A guy who writes kid’s books is raising a brouhaha, at least in Britain–home of the dying public library, by claiming that libraries are “outdated and harmful to the publishing industry.”
His claims are certainly interesting, which must be true because people have found them of interest. Here are some of his juicy quotes:
This is not the Victorian age, when we wanted to allow the impoverished access to literature. We pay for compulsory schooling to do that.
Okay, not the Victorian age. Got it. Can’t argue with you there. How are we different? Because now we don’t want to allow the impoverished access to literature? Excellent point. Wait, compulsory schooling takes care of that? Can the adults keep getting books from their school libraries after they graduate? What kind of crazy system do they have over there!
Books aren’t public property, and writers aren’t Enid Blyton, middle-class women indulging in a pleasant little hobby. They’ve got to make a living. Authors, booksellers and publishers need to eat. We don’t expect to go to a food library to be fed.
The only reason books aren’t public property is because we make laws that allow you to keep the copyright for a while. That’s a benefit to you the state doesn’t have to grant. Blyton, by the way, published into the 1960s. So all writers up until now have been middle-class women indulging pleasant hobbies? There haven’t been any writers making their living by writing until you came along? When did writers start making a living from their writing? The Victorian era? The 1960s? The 21st century? Can you please give us specifics?
According to the report in another article, he had a few more interesting claims:
Libraries have had their day. They are a Victorian idea and we are in an electronic age. They either have to change and adapt or they have to go.
“Victorian” is stuck in the brain. I’m glad to know we’re in an electronic age. The UK has only been in the electronic age since 1891, which was, um, a decade before the end of the Victorian era. I’m getting confused. How is this related to libraries?
I know some people like them but fewer and fewer people are using them and these are straightened times. A lot of the gush about libraries is sentimentality.
Are fewer people using libraries? Do you have some statistics on that? I know you write children’s books for a living, but some basic statistics shouldn’t be beyond your ken. Gushes of antisentimentality don’t count as evidence.
The book is old technology and we have to move on, so good luck to the council.
The book is a VERY old technology and still going strong because it’s such a good one. Do we HAVE to move on? Why? Because you say so? Evidence, please?
In a later article, with the puzzling headline “Horrible Histories author Terry Deary defends library remarks,” he goes on without really defending anything:
You wouldn’t believe the abuse I’m getting. Personal, vindictive and spiteful abuse from authors who are descending to playground insults.
The angry remarks hurt his feelings. It’s almost like he called for the abolition of a beloved public institution used by millions that’s been around for a couple of centuries while making provocative, unsubstantiated claims. Why would people get upset about that?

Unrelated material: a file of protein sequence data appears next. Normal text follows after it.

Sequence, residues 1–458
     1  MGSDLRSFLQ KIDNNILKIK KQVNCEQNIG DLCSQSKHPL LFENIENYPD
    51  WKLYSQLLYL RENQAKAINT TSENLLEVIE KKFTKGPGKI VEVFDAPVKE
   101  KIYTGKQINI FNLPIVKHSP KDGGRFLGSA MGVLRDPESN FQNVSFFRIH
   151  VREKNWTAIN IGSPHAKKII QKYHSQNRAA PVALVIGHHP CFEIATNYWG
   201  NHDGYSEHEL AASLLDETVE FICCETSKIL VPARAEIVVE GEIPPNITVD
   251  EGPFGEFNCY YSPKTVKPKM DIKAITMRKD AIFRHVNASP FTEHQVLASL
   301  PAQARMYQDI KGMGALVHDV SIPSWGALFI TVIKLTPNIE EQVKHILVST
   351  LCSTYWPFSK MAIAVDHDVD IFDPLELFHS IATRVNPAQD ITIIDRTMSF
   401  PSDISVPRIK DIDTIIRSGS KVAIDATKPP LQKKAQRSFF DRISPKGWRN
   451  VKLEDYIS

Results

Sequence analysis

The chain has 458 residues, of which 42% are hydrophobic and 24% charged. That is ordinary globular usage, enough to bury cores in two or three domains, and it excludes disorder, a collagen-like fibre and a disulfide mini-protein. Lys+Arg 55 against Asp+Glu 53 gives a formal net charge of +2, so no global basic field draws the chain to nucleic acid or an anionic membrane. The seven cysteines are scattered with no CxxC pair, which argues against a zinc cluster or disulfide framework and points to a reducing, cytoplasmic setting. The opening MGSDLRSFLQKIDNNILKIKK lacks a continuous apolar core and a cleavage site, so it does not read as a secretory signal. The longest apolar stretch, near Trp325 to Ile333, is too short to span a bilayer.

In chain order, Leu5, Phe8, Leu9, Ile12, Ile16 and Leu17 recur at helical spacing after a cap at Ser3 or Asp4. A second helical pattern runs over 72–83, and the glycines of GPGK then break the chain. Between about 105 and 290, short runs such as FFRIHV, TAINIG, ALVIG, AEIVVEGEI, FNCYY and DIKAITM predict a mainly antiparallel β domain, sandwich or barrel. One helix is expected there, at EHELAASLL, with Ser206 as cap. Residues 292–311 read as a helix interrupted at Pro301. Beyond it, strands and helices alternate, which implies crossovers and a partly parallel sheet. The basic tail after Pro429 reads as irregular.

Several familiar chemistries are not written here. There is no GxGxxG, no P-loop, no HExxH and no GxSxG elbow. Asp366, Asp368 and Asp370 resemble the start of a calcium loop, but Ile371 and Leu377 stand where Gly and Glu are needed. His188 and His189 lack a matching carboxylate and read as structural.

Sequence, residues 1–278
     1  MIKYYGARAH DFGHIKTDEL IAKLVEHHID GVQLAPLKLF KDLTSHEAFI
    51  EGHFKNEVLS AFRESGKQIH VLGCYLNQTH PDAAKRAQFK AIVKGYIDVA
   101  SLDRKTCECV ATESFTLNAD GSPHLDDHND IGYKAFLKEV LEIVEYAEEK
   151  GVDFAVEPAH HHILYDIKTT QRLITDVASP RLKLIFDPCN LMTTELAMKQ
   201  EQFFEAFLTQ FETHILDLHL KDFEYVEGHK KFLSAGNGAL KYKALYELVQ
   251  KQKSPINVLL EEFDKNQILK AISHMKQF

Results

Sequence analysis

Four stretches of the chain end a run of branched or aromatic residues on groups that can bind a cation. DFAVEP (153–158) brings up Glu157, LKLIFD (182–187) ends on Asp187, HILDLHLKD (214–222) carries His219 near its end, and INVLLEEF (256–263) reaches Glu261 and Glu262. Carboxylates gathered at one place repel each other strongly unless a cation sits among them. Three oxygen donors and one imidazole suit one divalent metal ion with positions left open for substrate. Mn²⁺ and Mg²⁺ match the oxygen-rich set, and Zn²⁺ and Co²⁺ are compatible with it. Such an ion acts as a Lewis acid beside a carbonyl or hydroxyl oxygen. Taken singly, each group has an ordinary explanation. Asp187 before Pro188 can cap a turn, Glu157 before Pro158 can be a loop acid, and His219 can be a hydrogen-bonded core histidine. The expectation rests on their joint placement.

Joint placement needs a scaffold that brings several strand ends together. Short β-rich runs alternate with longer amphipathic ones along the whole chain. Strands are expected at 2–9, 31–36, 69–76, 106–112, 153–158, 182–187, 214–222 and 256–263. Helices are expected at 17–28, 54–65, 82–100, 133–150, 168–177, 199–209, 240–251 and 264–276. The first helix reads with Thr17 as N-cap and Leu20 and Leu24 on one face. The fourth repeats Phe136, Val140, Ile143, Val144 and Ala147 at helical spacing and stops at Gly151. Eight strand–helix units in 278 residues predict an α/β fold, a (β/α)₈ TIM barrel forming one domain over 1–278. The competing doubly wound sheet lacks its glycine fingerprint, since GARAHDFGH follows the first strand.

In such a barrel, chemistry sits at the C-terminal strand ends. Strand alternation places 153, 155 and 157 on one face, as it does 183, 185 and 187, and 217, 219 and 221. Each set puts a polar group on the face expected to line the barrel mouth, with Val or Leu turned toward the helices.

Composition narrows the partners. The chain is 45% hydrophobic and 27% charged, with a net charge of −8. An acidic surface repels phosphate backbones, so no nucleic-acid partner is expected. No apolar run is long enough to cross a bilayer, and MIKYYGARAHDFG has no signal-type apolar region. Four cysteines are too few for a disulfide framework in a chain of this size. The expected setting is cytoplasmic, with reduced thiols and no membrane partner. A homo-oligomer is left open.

No-one is even reading what I’m saying. I never attacked libraries, I said we need to think about people’s access to literature. I don’t see poor people in libraries, I see middle class people with their arms stuffed like looters.
Like “looters.” Glad we’re not resorting to name-calling. Actually, you said that libraries hurt authors, publishers, and booksellers. That’s pretty much an attack on libraries. Instead of getting your feelings hurt, why not offer some evidence to support your claims?
People are entitled to their views but I wish they would just discuss them with me rather than try to poison me with spiteful remarks.
I don’t know where we get the bizarre idea that people are “entitled to their views.” That doesn’t even make sense. Are people entitled to views that are completely wrong? You think libraries hurt authors, publishers, and booksellers? Prove it. Until you have proof, you’re not entitled to believe anything. And even if you can prove that, which I doubt, you then have to prove there’s not a compelling reason to keep libraries around anyway. Good luck with that.
But one letter I received said “I just read what you said about libraries. Well done, it’s about time a proper debate took place”.
I’m always up for a proper debate. I’ll even make myself a cup of tea first so we can be all English and civilized about it. (That’s the England of Miss Marple, by the way, not the England of football hooligans).
If you want a proper debate, Mr. Deary, then instead of making provocative claims and then “defending” them by “saying many of those questioning” you are “employing “playground insults” and were not properly considering [your] arguments,” why don’t you instead try offering some arguments. Crazy, right!
I haven’t seen one argument offered in these news accounts. Did you provide some actual arguments and evidence that didn’t get reported? Or was it pretty much provocative, unsubstantiated claims like in the news?
Once you provide some arguments and evidence, some people will be happy to debate you. But for a debate, you need to have a better argument than libraries should close because you say so.